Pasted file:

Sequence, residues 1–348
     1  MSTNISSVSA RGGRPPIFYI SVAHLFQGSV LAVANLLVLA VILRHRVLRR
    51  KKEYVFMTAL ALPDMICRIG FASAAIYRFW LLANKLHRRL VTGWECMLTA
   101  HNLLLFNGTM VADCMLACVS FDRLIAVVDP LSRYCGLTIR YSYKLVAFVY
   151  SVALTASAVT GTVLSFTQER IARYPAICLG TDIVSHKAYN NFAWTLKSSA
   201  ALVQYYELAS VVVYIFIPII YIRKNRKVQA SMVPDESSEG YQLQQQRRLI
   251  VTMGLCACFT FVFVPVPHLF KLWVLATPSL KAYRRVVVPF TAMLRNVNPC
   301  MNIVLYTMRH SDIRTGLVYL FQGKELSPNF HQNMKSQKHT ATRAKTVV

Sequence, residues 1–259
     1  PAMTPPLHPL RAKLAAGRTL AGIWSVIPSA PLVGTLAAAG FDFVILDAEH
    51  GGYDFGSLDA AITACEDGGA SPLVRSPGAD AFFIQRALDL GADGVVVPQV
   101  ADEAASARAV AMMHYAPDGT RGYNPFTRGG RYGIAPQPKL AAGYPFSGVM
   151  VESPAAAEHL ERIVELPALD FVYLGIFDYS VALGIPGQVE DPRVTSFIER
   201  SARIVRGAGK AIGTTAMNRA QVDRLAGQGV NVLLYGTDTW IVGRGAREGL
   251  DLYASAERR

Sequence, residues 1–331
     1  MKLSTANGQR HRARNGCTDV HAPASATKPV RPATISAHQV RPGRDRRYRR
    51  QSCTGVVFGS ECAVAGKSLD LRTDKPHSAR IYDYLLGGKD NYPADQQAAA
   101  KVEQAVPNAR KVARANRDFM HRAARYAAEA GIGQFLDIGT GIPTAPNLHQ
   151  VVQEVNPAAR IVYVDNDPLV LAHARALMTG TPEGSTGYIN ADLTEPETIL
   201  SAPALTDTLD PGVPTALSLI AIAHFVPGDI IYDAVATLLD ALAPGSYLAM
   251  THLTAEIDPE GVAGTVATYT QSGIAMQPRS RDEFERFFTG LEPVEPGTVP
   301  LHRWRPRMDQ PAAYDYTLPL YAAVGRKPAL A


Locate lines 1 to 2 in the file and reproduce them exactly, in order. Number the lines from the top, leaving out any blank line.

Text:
Sequence, residues 1–348
     1  MSTNISSVSA RGGRPPIFYI SVAHLFQGSV LAVANLLVLA VILRHRVLRR